Diana of Themyscira had always considered honesty the most important of virtues. That made it all the more devastating when it was revealed that everything she thought she knew about herself was a lie.
Her origins as a daughter of Zeus? Her status as the new God of War? The location of her Amazon homeland? All lies.
Her mind broken by the revelation and the fact that a promised portal to Themyscira will not open for her, Diana is all but helpless when she and Steve Trevor—who is accompanying her on the quest for the truth of her origins—are attacked by an elite mercenary unit known as Poison. Barely escaping with their lives, Trevor is forced to hide Diana in plain sight, committing her to a mental hospital.
Trevor knows of Poison’s reputation and that only someone rich and ruthless could afford to hire them. That fact does little to narrow down the number of Wonder Woman’s enemies who might seek to strike the Amazon princess while she is weak. Indeed, several of Diana’s enemies are taking advantage of the current situation, including a new foe with a deep-seated hatred of Diana and a mighty need to find a path to Themyscira. It will be a race against time as Trevor searches for the rest of Diana’s allies in the hope they might find a way to restore his “angel” to her old self even as Wonder Woman’s enemies hunt for her.
Wonder Woman, vol. 3: The Truth continues Greg Rucka’s reconstruction of the Wonder Woman mythos in the wake of DC Comics’ Rebirth initiative. Fans of Rucka’s previous work on the monthly Wonder Woman series will be pleased to note that he brings back several of the characters he created with this storyline, including Ferdinand—a half-man, half-bull —and the fiendish CEO/scientist Veronica Cale.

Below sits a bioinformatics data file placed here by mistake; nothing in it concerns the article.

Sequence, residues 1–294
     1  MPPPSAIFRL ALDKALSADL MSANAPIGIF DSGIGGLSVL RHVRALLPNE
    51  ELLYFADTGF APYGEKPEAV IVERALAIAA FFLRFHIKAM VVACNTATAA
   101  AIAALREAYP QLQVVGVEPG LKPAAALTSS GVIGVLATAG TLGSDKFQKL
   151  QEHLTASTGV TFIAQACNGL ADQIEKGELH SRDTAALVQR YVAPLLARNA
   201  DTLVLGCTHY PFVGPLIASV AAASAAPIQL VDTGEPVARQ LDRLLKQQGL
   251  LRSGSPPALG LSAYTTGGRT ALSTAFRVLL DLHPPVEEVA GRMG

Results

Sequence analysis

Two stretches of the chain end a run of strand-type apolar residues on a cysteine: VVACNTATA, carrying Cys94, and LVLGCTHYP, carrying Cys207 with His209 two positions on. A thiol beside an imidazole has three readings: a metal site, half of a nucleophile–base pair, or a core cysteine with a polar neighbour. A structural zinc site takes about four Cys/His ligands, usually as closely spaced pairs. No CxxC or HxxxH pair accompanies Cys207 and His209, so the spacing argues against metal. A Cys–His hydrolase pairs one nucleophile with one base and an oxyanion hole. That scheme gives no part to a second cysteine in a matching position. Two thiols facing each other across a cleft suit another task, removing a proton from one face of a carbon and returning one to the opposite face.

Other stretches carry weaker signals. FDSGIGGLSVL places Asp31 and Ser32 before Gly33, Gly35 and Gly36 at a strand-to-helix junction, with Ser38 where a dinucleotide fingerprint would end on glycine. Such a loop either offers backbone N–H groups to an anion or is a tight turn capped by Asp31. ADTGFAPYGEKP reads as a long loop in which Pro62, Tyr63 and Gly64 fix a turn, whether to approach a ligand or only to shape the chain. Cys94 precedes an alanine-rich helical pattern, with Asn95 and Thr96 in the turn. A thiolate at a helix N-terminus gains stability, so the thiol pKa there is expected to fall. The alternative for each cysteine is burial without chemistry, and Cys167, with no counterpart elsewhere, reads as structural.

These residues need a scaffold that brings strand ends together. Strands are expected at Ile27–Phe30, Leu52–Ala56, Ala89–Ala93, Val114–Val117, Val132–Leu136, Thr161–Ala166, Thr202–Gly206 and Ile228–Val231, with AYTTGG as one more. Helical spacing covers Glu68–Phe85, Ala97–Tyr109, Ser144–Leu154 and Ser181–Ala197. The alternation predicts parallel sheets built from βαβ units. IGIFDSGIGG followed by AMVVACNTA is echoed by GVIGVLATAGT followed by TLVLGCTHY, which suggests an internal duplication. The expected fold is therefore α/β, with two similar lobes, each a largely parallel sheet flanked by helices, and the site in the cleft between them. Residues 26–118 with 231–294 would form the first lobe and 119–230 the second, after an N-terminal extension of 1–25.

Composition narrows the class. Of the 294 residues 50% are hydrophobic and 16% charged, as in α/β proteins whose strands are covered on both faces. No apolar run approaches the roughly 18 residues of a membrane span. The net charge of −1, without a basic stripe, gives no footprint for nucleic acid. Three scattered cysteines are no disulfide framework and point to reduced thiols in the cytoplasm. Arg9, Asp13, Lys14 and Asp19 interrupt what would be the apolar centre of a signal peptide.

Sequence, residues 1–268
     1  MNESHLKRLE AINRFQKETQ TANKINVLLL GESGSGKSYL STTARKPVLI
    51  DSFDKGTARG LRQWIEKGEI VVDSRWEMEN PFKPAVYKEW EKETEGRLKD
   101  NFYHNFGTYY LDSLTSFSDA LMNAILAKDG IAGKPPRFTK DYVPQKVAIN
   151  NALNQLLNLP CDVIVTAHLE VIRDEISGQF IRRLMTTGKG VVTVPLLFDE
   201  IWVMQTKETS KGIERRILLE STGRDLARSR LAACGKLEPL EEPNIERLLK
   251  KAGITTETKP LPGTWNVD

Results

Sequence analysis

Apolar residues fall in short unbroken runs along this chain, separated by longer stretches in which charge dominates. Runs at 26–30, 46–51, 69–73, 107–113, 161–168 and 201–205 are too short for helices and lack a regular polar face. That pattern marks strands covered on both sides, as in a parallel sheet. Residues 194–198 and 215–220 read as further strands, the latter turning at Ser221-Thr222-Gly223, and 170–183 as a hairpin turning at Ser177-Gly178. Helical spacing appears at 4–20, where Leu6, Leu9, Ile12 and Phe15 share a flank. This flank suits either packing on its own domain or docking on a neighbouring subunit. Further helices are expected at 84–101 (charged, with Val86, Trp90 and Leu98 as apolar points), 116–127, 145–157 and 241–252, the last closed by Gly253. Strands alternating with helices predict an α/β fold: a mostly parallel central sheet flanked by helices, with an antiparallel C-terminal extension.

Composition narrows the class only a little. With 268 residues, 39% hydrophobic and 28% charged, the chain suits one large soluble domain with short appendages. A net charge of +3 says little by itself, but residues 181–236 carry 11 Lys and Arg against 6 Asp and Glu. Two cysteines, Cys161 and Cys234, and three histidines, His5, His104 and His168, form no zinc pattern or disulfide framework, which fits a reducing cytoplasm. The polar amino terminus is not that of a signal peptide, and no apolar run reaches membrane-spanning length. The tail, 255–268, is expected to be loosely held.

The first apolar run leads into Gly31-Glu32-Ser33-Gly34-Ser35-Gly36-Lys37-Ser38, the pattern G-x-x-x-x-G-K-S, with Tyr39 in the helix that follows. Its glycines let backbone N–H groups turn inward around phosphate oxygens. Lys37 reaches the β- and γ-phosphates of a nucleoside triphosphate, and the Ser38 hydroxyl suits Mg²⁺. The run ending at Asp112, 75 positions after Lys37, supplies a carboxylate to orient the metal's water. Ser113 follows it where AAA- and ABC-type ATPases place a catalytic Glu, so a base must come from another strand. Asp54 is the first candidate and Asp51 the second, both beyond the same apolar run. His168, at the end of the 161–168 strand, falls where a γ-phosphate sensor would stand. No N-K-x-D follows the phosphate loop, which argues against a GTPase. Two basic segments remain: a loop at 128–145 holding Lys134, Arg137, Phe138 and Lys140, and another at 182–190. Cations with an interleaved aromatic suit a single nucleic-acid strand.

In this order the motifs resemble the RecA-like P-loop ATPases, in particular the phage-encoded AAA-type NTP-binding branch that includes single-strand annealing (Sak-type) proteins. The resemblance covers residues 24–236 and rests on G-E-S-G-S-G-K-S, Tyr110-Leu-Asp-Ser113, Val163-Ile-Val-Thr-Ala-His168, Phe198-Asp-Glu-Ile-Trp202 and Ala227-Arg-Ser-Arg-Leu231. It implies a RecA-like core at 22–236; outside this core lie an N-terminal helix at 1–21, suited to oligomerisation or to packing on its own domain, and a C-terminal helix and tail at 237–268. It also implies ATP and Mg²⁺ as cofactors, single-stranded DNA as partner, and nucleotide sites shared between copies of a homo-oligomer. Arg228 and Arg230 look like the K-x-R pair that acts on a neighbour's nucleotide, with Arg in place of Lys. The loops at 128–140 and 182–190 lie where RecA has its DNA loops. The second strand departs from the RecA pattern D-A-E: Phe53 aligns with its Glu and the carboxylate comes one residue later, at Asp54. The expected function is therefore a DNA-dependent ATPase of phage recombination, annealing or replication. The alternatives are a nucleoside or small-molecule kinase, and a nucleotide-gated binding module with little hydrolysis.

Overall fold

Rucka’s story also revamps several classic Wonder Woman villains, creating a new version of Doctor Cyber and Colonel Marina Maru—a descendant of Doctor Poison who now leads a mercenary group using the family name. Despite this, Rucka does not merely rehash old-times. The new version of Veronica Cale in particular is noteworthy, having much stronger motivations for hating Wonder Woman than her original incarnation and being a singularly developed character rather than a female version of Lex Luthor.
Liam Sharp’s artwork is as strong here as it was in the first volume and a solid match for Rucka’s writing in terms of complexity. Sharp’s style matches his surname, being deeply detailed yet clear in its precision. The color art by Laura Martin provides the perfect finishes to every single page.
This volume is rated T+ for audiences 12 and up. I consider that to be a fair rating. There is a considerable amount of superheroic violence, but no bloodshed that would be inappropriate for the intended audience. There is no nudity or sexual activity depicted directly, apart from kissing, though the final page does depict Wonder Woman and Steve Trevor lying in bed together, indulging in some post-coital cuddling.
Wonder Woman, vol. 3: The Truth
by Greg Rucka
Art by Liam Sharp
DC Comics, 2017
Publisher Age Rating: 12+